Ministry of Environment and Forests is in the process of finalisation of guidelines to regulate the import of hazardous waste.iii. Ethiopia. 50 crores. where the depreciated value of such relocating plants exceeds Rs.3 billion. To consolidate the gains of this programme. Similarly. various procedural simplifications have been introduced. 1. These include: DGFT i. The common classification to be used by DGFT and Customs will eliminate the classification disputes and hence reduce transaction costs and time. Mauritius . Sikkim and Jammu & Kashmir Transport subsidy for exports to be given to units located in North East. . our exports accounted for US$ 1. Focus Africa is being launched today. Tanzania and Ghana. (d) North Eastern States. (e) Re-location of industries To encourage re-location of industries to India. In the year 2000-01.8 billion and our imports were US$ 1. Links with CIS countries to be revived. Out of this. (V) Reduction in transaction time & cost With a view to reducing transaction cost. iv. During 2000-01. In this group. This classification shall also be adopted by Customs and DGCI&S shortly.5 lakh to Rs. Focus LAC (Latin American Countries) was launched in November.5 crore. Sikkim and Jammu & Kashmir so as to offset the disadvantage of being far from ports. Ukraine and Azerbaijan to be in special focus in the first phase. This has been a great success. Nigeria. Further simplification of all schemes. The exporters exporting to these markets shall be given Export House Status on export of Rs. 2003. A new 8 digit commodity classification for imports is being adopted from today. India’s total trade with Sub Saharan African region was US$ 3. iii. South Africa.5 billion.00 lakh. we are extending this upto March. The first phase of the Focus Africa programme shall include 7 countries namely. ii. Kenya. Kazakhstan. Reduction of the maximum fee limit for electronic application under various schemes from Rs. We have traditional trade ties with these countries . plant and machineries would be permitted to be imported without a licence. Kyrgyzstan. Uzbekistan. our exports to these countries were to the extent of US$ 1082 million. Turkmenistan. There is tremendous potential for trade with the Sub Saharan African region. 1997 in order to accelerate our trade with Latin American countries. 1. v.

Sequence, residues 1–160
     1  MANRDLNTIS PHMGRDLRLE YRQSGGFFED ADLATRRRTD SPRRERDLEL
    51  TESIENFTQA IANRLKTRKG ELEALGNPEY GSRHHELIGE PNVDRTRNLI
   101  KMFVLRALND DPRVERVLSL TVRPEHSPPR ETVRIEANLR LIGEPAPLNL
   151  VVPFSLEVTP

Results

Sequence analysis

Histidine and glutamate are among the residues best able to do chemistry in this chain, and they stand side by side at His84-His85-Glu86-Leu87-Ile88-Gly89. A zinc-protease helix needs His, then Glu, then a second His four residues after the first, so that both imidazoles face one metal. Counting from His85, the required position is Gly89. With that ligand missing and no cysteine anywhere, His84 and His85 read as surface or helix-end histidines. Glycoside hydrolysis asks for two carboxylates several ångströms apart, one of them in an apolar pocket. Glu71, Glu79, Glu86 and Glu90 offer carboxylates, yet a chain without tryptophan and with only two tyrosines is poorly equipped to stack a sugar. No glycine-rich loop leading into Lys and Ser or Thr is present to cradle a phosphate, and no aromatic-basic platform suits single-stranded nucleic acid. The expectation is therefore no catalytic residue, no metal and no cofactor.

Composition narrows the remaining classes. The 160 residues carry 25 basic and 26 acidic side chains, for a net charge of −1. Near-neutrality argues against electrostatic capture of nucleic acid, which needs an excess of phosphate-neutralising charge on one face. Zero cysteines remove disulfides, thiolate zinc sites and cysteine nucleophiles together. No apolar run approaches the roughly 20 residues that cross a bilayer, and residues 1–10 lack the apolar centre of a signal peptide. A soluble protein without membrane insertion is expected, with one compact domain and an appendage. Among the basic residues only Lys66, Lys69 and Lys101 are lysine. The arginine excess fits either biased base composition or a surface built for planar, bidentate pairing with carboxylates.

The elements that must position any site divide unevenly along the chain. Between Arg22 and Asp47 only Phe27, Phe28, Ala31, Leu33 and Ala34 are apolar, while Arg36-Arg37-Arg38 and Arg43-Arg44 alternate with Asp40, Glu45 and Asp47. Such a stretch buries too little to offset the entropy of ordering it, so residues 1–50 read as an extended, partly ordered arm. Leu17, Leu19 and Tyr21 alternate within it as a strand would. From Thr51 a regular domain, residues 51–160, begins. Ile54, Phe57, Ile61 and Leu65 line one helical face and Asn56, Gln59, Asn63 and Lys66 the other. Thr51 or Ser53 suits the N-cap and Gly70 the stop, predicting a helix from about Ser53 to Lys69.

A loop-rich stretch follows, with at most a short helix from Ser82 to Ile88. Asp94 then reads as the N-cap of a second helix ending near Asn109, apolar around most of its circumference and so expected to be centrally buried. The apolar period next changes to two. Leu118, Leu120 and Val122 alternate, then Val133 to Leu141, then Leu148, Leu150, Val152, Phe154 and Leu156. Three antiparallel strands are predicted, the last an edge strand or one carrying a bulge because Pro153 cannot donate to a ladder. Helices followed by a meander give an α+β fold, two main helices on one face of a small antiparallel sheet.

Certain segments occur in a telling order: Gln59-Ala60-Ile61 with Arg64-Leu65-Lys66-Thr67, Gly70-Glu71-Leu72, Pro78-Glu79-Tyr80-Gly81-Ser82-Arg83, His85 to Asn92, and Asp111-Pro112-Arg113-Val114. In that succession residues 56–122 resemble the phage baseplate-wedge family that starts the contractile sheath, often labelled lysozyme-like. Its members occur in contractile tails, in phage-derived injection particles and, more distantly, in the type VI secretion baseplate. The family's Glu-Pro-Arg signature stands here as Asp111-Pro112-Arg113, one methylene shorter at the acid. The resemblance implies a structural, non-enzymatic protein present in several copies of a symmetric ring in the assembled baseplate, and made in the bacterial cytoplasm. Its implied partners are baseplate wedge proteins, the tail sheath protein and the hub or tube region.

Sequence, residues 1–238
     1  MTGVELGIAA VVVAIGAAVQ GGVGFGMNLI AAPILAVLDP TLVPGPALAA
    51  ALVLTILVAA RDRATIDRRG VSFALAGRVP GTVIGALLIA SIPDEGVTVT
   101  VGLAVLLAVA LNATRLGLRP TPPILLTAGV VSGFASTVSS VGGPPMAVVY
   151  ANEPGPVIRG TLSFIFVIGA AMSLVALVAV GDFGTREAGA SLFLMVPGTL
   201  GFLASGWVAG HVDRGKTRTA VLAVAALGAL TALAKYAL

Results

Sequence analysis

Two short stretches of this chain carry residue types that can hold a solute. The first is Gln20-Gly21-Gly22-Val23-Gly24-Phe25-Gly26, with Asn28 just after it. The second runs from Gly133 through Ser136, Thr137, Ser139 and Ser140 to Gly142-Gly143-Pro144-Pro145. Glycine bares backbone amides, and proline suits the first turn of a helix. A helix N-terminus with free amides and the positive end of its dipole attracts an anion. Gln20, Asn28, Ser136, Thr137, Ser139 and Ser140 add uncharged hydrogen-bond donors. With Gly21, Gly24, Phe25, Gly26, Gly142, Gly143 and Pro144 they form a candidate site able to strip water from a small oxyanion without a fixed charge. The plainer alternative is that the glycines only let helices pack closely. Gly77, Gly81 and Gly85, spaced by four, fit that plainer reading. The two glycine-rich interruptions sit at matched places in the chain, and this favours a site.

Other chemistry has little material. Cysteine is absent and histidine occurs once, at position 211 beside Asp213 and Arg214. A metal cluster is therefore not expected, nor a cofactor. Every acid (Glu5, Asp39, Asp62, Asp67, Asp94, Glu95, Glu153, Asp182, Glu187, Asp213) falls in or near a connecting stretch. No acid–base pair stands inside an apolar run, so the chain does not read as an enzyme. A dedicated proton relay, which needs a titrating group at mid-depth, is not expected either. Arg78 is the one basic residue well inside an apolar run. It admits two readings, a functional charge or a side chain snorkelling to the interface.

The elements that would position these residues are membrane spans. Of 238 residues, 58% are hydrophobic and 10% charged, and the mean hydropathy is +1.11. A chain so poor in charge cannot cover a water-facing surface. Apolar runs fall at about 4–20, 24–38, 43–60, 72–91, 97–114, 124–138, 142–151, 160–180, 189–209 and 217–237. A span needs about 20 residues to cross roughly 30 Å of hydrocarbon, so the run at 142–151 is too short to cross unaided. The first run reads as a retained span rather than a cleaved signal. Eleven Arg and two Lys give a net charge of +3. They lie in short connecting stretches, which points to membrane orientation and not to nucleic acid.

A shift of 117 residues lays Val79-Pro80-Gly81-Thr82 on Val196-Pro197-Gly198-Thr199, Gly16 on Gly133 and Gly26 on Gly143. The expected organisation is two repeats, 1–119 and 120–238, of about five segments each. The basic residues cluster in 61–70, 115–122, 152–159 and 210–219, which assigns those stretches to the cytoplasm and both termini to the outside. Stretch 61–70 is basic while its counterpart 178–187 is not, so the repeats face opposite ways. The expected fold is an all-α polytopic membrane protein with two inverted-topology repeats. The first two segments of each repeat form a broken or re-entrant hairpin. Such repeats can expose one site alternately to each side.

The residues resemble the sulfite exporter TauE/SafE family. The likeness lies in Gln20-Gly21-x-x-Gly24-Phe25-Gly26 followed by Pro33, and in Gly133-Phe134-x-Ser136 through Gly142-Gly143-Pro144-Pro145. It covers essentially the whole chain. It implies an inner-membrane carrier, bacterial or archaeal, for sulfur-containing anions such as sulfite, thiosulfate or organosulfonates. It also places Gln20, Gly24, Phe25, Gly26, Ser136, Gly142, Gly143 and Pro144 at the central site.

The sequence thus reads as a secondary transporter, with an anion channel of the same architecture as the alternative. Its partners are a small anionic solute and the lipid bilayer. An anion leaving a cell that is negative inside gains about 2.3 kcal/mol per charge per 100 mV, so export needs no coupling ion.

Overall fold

The percentage of physical examination of export cargo has already been reduced to less than 10 percent except for few sensitive destinations. he shall be entitled to claim benefit under some other scheme. The application for fixation of brand rate of drawback shall be finalised within 15 days. Banks i. Penal interest rate for bonafide defaults to be brought down from 24% to 15%. v. Customs i. The repatriation period for realisation of export proceeds extended from 180 days to 360 days. (VI) Trust Based i. Adoption and harmonisation of the 8 digit ITC(HS) code. Optional facility to convert from one scheme to another scheme. Newcomers to be entitled for licences without any verification against execution of Bank Guarantee. ii. iii. Direct negotiation of export documents to be permitted. . ii. iii. 100% retention in EEFC accounts. vii. Same day licensing introduced in all regional offices. Import/Export of samples to be liberalised for encouraging product upgradation. This will help the exporters to save bank charges. Foreign Inward Remittance Certificate (FIRC) to be accepted in lieu of Bank Realisation Certificate for documents negotiated directly. These facilities are being made available to status holders only for the present.iv. No penalty for non-realisation of export proceeds in respect of cases covered by ECGC insurance package. vi. The facility is already available to units in SEZ and exporters exporting to Latin American countries. iv No seizure of stock in trade so as to disrupt the manufacturing process affecting delivery schedule of exporters. ii. In case the exporter is denied the benefit under one scheme. iii.
Supplies under Deemed Exports to be eligible for export obligation fulfilment along with deemed export benefit. iii. EPCG licences of Rs. Same DEPB rate for exports whether as CBUs or in CKD/SKD form. Reduction in rates only after due notice. iii. iv. iii. iv. Redemption on the basis of Shipping bills and Bank Realisation Certificates. DEPB for transport vehicles to Nepal in free foreign exchange. . (b) Duty Free Replenishment Certificate (DFRC) Technical characteristics to be dispensed with for audit purpose. ii.(VII) Duty neutralisation instruments (a) Advance Licence i. v. Re-fixation of EO in respect of past cases of imports of second hand capital goods under EPCG Scheme. EO fulfilment period extended from 8 years to 12 years in respect of units in agriexport zones and in respect of companies under the revival plan of BIFR. vi. (d) Export Promotion Capital Goods (EPCG) i. Mandatory spares to be allowed in the Advance Licence upto 10% of the CIF value.100 crore or more to have 12 year export obligation (EO) period with 5 year moratorium period. Value cap exemption granted on 429 items to continue. ii. Duty Exemption Entitlement Certificate (DEEC) book to be abolished. (c) Duty Entitlement Passbook (DEPB) i. DEPB rates for composite items to have lowest rate applicable for such constituent. No Present Market Value (PMV) verification except on specific intelligence. Withdrawal of Advance Licence for Annual Requirement (AAL) scheme as problems were encountered in closure of AAL and the significance of scheme considerably reduced due to dispensation of DEEC. ii. The exporters can avail Advance Licence for any value.